The FDA denied the HSCG’s PO Box petition, but it did provide some clarification that a “current phone or city directory” includes ONLINE directories as well as printed directories.  This is VERY GOOD NEWS!

Continue reading FDA Responds to HSCG PO Box Petition

Liquid Soapmaking by Jackie Thompson

liquid-soapmaking-by-thompsonJackie Thompson’s long awaited book, Liquid Soapmaking, is finally here – and more than worth the wait.

For those who make handcrafted soap bars, transitioning to making liquid soap can be daunting. While the chemistry is essentially the same, when it comes to the finished product, opaque bar soap is much more forgiving than liquid soap that should be completely clear and of the right consistency. Jackie has researched (for years) and has managed to capture all you need to know about liquid soapmaking in just 207 pages!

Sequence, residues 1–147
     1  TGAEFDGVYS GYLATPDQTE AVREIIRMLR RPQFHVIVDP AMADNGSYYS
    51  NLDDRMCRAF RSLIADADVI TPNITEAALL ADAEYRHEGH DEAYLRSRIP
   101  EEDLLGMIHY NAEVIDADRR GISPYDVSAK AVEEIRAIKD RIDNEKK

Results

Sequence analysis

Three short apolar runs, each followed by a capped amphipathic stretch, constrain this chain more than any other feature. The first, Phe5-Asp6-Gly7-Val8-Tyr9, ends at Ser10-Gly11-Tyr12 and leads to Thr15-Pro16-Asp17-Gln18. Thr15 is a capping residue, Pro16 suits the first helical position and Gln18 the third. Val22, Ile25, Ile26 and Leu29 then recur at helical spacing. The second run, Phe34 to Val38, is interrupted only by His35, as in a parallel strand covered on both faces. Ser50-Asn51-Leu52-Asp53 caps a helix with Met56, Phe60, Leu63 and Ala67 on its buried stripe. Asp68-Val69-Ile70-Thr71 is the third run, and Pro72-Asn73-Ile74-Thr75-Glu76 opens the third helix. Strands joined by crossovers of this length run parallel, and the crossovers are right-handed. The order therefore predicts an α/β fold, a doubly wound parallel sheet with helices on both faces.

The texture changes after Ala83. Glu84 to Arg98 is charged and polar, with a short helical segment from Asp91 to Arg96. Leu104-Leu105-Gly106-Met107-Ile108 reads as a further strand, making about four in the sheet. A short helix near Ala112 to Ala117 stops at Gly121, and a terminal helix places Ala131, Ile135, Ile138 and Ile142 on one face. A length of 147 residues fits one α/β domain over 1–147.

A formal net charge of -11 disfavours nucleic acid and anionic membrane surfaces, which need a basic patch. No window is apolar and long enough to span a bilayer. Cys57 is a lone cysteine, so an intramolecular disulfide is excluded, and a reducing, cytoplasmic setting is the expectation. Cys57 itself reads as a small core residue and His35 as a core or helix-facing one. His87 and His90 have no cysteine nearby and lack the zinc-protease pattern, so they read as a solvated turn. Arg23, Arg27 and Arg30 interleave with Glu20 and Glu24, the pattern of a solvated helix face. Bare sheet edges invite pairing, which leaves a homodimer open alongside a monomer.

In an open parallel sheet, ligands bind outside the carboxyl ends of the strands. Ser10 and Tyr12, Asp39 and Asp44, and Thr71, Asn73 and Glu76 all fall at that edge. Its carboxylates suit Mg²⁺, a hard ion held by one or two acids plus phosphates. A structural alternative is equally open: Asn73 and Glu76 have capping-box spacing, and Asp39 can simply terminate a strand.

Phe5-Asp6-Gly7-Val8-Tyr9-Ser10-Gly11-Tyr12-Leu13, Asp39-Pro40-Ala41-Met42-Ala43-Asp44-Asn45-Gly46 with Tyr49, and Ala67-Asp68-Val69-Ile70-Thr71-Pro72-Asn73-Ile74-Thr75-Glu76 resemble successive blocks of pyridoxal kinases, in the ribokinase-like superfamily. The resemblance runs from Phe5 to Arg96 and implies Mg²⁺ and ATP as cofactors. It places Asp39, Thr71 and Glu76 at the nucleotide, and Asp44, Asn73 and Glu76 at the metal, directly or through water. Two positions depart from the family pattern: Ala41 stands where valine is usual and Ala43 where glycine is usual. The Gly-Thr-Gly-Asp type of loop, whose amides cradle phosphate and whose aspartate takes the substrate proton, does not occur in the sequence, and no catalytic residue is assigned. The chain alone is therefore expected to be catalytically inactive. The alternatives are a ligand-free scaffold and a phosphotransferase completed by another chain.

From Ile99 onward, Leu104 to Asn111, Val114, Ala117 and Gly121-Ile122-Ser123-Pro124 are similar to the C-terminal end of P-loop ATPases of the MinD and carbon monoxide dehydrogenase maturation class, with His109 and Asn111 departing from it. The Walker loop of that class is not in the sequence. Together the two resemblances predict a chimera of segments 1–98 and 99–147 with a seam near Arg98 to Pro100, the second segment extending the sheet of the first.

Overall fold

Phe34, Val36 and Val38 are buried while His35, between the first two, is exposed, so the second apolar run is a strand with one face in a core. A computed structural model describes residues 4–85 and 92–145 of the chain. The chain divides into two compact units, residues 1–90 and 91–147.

I admit, I’ve made liquid soap.  I also admit that while it turned out “okay” as soap (I mean, it didn’t harm anyone and it did lather and clean) – it wasn’t what I’d call “great.” Certainly not anything I’d be willing to package and sell to a customer.  The thing is, I never knew exactly what the problem was, or how to fix it.  I didn’t know enough about advanced soap chemistry, how the chemical qualitities of various oils affect liquid soap, and the effects of different additives. Without that understanding, it’s not surprising that I gave up on making liquid soap.

Jackie’s book changed that.  After reading it, I became inspired (again) to make liquid soap.

Continue reading Liquid Soapmaking by Jackie Thompson

Cosmetic Claims and Required Approval